Plot type and size

Within the manual Protocols for experimental plot sampling, handling and processing of cereals in field experiments(external link) by G.J. Rebetzke (Greg.Rebetzke@csiro.au), A. van Herwaarden, B. Biddulph, C. Moeller, R. Richards, A. Rattey and K. Chenu.

Phenotyping of complex traits and particularly those associated with canopy development, biomass and yield is challenging when experiments comprise diverse genotypes. This is especially so when confounded with variation in traits such as height and maturity which are known to affect yield. Limited seed and resources may encourage field-assessment in single, spaced rows or smaller, unbordered plots. Competition for water, light and nutrients required for canopy growth is variable and non-definable where immediate neighbours are genetically different, and particularly under stress conditions where competition is greatest. Response to changes in resource availability varies among diverse genotypes, alters genotype ranking and thus reduces heritability. In turn, the relevance of such growing conditions to commercial field-grown crops is at best unclear and at worst dubious.

The planting of multi-row plots and the simple exclusion of plot borders at harvest increases experimental precision and confidence in genotype response. A simple study where six wheat genotypes were assessed for spike number at two nitrogen levels demonstrates how including outer rows in the analysis can lead to substantial error in trait estimation and in the associated genotype by environment interactions (Fig. 3).

Well-planned field studies and particularly those focusing on the dynamics of yield formation (canopy-related characteristics) must consider the use of multiple-row plots and with border rows to minimize the effects of interplot competition. Whether these border rows are best excluded, or considered as part of genotype performance will depend on the environment but we recommend they be excluded, especially where stress (eg water deficit) has been applied.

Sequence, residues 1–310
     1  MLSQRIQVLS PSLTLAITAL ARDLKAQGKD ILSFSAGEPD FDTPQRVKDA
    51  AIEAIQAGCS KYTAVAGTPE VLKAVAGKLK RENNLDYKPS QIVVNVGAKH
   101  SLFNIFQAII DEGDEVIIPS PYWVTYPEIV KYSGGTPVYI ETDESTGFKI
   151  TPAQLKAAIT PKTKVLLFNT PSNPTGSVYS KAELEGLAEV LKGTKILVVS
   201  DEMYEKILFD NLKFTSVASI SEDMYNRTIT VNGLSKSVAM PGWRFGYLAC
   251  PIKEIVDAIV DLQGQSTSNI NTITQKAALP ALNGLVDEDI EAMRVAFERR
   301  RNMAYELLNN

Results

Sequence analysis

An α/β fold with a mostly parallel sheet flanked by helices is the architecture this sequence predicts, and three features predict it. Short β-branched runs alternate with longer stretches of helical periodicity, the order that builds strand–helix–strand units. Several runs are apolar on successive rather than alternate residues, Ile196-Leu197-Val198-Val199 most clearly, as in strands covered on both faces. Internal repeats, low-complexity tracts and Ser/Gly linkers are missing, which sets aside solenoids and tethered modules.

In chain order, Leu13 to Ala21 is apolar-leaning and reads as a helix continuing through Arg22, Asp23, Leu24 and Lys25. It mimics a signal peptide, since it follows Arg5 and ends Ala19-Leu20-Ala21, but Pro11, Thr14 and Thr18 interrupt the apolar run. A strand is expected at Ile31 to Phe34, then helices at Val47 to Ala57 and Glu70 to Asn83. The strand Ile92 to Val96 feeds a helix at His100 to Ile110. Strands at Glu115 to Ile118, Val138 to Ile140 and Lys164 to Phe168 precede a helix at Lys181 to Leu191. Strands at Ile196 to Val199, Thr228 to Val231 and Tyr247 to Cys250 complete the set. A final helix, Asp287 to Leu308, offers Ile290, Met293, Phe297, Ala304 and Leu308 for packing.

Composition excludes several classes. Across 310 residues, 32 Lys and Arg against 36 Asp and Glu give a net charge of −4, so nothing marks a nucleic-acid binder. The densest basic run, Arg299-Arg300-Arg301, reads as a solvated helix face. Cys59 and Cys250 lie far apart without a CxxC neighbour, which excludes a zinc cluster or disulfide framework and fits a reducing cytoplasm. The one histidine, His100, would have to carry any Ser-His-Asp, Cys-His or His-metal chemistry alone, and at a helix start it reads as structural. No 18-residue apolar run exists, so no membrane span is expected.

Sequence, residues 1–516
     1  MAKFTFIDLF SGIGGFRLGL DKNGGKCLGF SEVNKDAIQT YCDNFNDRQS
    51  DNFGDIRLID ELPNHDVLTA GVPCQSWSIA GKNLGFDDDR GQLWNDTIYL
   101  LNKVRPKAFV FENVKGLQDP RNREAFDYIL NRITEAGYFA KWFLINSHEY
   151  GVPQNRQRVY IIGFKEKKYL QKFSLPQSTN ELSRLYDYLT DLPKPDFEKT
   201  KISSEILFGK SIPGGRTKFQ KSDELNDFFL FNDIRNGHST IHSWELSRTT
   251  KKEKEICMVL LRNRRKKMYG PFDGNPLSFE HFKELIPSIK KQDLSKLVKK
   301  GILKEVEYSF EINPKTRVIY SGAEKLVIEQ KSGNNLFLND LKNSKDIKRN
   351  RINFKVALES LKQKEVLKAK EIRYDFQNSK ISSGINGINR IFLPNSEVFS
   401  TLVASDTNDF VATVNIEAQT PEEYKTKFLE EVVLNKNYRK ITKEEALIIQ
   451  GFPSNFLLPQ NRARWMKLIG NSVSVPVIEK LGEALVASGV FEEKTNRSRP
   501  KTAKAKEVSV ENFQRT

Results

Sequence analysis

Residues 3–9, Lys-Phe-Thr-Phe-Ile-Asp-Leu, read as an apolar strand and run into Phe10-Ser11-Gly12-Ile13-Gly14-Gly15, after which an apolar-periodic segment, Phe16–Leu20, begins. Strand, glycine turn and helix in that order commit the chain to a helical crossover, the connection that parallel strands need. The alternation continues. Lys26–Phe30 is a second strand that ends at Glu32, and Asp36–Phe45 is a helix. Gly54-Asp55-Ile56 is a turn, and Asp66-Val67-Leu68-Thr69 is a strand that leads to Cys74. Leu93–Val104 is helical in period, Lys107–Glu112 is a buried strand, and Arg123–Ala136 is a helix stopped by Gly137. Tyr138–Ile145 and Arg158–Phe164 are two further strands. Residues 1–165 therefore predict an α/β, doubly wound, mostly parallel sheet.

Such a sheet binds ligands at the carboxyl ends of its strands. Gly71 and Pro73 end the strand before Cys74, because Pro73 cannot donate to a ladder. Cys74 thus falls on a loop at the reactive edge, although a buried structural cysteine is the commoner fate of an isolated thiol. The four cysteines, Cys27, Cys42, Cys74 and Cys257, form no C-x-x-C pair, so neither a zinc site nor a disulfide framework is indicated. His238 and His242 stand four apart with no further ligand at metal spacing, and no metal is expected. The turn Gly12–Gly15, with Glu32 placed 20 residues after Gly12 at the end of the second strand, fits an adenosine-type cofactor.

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Figure 3. Comparison of spike number in the inner and outer rows for six wheat genotypes and two nitrogen levels: basal and a supplemental 40 kg/ha N predrilled at sowing. The outside, border rows averaged 56% greater spike number than for centre rows, with variation between genotypes presumably due to their internal tillering propensity (lsd0.05 = 7%). Over all six genotypes, the association for border and centre-row spike number was 0.50ns and 0.74ns for basal and supplemental N treatments, respectively. This lead to the border rows having a 54% yield increase compared to the centre rows, and a poor association (0.48ns) for yield of the border compared to the guarded centre-rows. Overall, an average 25% error would be made if including the outer rows in the analysis.

Other resources

Appendix 1.(external link) Text description of phenological scale, Zadoks decimal code (DC).
Appendix 2.(external link) Picture description of phenological scale, Zadoks decimal code (DC).
Zadoks JC, Chang TT, Konzak CF (1974) A decimal code for the growth stages of cereals. Weed Research 14(6),415-421. doi: 10.1111/j.1365-3180.1974.tb01084.x

Notes and troubleshooting tips

Literature

Download complete manual: Protocols for cereal field experiments_Nov2012.pdf

Health, safety & hazardous waste disposal considerations

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